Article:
''Basic Instinct's'''s relationship with smoke -- The controversial movie with Sharon Stone and its strategical use of cigarettes

By Giselle Benatar
Updated May 01, 1992 at 04:00 AM EDT
  • Movie

Basic Instinct‘s depiction of lesbianism has aroused controversy, but what is the movie trying to tell us about smoking? Director Paul Verhoeven’s film both glamorizes and demonizes the noxious weed. Consider that the leads — Nick (Michael Douglas), Catherine (Sharon Stone), and Beth (Jeanne Tripplehorn) — have a thing about butts, uhhh, cigarettes, and that their 22 on-screen light-ups are associated with the following antisocial behavior: rough sex (Nick smokes after bedding both Catherine and Beth); cheating (Catherine smokes after beating her lie-detector test); lying (Nick smokes while deceiving interrogators); defying authority (Catherine and Nick light up in nonsmoking zones); and drinking (Nick lights up after he hits the bottle).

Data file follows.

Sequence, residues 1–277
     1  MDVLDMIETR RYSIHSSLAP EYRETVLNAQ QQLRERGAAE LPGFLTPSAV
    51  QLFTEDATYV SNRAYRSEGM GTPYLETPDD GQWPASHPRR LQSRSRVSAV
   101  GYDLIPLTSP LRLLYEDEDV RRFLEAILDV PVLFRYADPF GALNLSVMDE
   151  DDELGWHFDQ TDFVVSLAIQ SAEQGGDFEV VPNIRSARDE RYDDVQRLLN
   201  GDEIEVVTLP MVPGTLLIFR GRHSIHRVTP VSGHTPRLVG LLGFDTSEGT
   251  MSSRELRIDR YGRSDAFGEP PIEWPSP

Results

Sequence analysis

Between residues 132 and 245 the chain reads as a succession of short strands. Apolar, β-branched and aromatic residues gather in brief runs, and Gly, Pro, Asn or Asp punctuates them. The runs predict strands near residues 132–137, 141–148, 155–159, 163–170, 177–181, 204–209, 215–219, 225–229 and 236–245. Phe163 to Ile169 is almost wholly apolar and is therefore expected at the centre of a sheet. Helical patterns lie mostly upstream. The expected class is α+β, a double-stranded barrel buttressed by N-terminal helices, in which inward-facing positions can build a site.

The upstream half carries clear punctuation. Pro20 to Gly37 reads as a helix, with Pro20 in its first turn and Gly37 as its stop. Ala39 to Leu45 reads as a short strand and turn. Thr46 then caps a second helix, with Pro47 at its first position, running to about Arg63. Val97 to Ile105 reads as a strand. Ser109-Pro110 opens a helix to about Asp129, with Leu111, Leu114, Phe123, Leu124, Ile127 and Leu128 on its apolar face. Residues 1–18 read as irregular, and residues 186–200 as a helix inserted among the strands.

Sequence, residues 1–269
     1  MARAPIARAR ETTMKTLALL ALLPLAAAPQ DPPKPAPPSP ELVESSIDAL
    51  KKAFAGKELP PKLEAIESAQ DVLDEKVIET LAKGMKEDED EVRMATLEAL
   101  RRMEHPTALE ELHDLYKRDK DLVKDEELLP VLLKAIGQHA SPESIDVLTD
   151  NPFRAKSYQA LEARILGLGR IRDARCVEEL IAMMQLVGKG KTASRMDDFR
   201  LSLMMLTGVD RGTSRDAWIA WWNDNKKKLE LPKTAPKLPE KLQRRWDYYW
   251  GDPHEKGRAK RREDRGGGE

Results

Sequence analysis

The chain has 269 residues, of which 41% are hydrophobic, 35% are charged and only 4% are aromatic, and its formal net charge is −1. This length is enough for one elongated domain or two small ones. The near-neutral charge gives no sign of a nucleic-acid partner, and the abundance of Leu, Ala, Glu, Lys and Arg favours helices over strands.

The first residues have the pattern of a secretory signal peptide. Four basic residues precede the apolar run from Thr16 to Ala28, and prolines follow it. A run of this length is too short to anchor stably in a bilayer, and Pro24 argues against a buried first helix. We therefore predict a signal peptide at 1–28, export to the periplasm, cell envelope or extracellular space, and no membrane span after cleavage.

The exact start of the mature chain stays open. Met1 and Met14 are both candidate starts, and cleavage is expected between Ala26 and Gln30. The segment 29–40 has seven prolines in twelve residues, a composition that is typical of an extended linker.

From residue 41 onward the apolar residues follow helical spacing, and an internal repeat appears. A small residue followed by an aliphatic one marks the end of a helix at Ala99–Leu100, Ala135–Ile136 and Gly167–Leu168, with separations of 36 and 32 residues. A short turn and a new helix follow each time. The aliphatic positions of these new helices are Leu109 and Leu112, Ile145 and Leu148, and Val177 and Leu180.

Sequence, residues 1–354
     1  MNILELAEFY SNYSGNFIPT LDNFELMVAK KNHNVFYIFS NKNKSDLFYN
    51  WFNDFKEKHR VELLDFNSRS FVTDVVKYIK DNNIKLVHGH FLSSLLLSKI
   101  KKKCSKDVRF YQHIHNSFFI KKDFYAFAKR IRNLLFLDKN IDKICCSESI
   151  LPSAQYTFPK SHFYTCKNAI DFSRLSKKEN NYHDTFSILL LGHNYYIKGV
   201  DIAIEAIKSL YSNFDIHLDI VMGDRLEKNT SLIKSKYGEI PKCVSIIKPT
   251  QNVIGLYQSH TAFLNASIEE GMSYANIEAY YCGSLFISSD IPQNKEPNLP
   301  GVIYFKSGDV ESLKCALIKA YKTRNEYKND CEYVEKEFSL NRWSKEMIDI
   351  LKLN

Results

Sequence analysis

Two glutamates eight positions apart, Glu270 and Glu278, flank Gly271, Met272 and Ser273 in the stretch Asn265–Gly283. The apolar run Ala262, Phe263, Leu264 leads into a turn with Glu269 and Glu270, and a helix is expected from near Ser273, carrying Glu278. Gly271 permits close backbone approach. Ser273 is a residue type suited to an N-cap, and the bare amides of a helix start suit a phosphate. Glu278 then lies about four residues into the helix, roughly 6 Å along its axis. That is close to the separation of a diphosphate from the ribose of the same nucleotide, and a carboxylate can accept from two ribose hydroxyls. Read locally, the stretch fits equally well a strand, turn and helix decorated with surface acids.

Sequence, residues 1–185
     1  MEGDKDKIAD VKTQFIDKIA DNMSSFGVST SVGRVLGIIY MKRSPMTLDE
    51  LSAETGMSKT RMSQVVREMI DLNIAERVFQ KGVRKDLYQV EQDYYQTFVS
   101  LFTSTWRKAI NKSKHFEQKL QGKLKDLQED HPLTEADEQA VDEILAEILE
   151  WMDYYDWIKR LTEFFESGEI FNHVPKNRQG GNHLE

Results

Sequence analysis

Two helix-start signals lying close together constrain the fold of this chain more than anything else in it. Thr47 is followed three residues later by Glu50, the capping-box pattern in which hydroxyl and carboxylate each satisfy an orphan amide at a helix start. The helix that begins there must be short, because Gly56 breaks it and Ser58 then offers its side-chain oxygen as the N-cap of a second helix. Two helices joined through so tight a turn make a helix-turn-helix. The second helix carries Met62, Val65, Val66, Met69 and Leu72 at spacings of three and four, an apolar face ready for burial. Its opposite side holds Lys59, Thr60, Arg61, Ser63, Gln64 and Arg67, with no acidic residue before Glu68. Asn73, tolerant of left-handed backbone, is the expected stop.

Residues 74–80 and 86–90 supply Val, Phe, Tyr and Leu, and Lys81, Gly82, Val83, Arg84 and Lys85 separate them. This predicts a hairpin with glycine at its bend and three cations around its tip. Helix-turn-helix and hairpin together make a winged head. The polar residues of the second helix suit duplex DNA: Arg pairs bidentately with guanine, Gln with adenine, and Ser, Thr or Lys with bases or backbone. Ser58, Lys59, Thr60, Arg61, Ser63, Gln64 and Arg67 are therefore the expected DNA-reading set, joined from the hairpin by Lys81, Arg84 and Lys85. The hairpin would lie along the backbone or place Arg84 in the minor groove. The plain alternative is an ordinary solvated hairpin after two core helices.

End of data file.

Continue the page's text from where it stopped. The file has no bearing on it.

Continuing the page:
Despite the evidence, Nick insists he’s given up cigarettes five times in the movie. Catherine helps by pointing out, ”Killing isn’t like smoking — you can quit,” as she offers him another lung buster. Doesn’t that constitute some kind of harassment? A spokeswoman for the American Cancer Society says the organization hasn’t received any complaints about Basic Instinct, but ”we don’t believe any film should glamorize smoking. We prefer it when the bad guys smoke.”

Basic Instinct

  • Movie
  • R
  • 127 minutes
  • Paul Verhoeven